Something song the lines of the date of the hearing was set before lockdown. This meant it would have originally been after the 19/20 season ended. The intention was always for the (potential) penalty to be applied in the 20/21 season, and it would be unfair for it to be brought forward because of a delay to the season out of everyone’s control. 

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8 minutes ago, AnotherDerbyFan said:

Something song the lines of the date of the hearing was set before lockdown. This meant it would have originally been after the 19/20 season ended. The intention was always for the (potential) penalty to be applied in the 20/21 season, and it would be unfair for it to be brought forward because of a delay to the season out of everyone’s control. 

Unfair to who?

Wigan went into administration at a time that would originally have been after the end of the 19/20 season, were it not for the delay out of everyone's control. Had the season ended as normal, Wigan would have gone into admin during the close season and I think I'm right in saying their 12 point deduction would have been applied next season.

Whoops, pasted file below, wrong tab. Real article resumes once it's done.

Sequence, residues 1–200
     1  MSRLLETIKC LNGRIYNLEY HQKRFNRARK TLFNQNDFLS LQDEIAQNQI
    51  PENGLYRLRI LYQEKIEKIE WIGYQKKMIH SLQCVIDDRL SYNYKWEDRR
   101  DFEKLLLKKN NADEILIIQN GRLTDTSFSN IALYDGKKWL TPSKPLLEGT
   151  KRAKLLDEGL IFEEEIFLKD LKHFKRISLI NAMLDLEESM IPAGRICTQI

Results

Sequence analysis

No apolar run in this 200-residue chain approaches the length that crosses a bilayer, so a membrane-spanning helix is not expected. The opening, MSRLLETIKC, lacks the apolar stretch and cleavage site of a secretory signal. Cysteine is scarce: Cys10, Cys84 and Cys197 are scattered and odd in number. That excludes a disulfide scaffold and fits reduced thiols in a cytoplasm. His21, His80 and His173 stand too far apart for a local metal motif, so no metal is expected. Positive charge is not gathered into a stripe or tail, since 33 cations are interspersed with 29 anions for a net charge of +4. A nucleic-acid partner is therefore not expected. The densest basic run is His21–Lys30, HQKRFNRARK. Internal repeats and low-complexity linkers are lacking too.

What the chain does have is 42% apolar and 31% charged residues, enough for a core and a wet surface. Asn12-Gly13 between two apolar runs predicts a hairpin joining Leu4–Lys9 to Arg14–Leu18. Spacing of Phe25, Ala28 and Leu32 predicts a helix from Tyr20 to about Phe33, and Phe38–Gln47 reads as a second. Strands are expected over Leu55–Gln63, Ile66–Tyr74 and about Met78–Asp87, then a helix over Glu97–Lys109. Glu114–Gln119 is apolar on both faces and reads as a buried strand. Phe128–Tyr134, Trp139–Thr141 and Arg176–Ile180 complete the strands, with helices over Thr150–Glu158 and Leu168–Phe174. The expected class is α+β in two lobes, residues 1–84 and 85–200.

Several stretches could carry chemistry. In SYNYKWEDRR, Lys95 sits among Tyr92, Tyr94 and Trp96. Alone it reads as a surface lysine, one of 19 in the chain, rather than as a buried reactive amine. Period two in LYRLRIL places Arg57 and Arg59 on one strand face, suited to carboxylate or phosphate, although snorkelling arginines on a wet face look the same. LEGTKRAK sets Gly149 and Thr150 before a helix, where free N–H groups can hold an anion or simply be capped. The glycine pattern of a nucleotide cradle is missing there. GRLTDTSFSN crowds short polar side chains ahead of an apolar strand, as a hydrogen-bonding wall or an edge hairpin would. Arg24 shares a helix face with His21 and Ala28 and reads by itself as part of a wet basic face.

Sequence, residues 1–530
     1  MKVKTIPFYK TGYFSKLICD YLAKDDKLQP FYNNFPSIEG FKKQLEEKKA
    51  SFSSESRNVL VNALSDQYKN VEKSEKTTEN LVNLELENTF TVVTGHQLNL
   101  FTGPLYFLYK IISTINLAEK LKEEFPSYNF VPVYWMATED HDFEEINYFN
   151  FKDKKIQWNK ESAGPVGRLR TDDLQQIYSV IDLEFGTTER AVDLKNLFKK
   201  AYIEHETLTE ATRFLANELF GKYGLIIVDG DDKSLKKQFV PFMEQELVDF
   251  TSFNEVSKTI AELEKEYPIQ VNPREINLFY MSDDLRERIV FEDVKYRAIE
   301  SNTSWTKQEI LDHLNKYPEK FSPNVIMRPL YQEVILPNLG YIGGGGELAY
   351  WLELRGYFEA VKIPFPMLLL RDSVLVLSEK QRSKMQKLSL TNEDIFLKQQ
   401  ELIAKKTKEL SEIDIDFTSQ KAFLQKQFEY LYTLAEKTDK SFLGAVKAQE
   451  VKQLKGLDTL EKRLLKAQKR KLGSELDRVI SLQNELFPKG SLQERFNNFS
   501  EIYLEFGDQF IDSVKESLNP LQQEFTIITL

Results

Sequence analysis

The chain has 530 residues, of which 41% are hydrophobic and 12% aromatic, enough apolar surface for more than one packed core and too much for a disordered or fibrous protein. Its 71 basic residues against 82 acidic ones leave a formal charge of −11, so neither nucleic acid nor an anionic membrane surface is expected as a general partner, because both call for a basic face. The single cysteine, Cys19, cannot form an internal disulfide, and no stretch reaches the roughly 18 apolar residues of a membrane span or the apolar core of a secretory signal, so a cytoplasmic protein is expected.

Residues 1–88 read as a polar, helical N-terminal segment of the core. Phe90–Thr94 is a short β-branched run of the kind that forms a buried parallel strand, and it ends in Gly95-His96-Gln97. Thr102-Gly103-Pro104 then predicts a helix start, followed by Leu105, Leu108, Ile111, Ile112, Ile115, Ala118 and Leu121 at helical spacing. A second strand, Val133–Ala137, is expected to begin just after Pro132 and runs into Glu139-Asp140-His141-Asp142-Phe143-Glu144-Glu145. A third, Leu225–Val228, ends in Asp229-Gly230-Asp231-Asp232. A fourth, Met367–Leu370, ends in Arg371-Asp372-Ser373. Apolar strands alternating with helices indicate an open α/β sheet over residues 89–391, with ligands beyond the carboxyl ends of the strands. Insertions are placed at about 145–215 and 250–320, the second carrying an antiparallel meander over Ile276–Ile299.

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Posted (edited)

@Hxj

Make you quite right about Bournemouth- saw this Tweet by Kieran Maguire about their 2018/19 accounts.

Total Player Costs- that'd be Wages + Amortisation- 112% of Turnover.

All that while in the PL- in excess of 100% of turnover! 😱

I'll lazily assume that £112 in player costs per £100 in income is equating to 112% of income- but FFP trouble ahead?

Howe has left today, wonder if these two are linked...?

Sure they'll raise transfer income, sure their wages will overall come down and sure there will be Covid related exclusions- but is it enough?

Edited by Mr Popodopolous
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3 minutes ago, Mr Popodopolous said:

@Hxj

Make you quite right about Bournemouth- saw this Tweet by Kieran Maguire about their 2018/19 accounts.

Total Player Costs- that'd be Wages + Amortisation- 112% of Turnover.

All that while in the PL- in excess of 100% of turnover! 😱

I'll lazily assume that £112 in player costs per £100 in income is equating to 112% of income- but FFP trouble ahead?

Howe has left today, wonder if these two are linked...?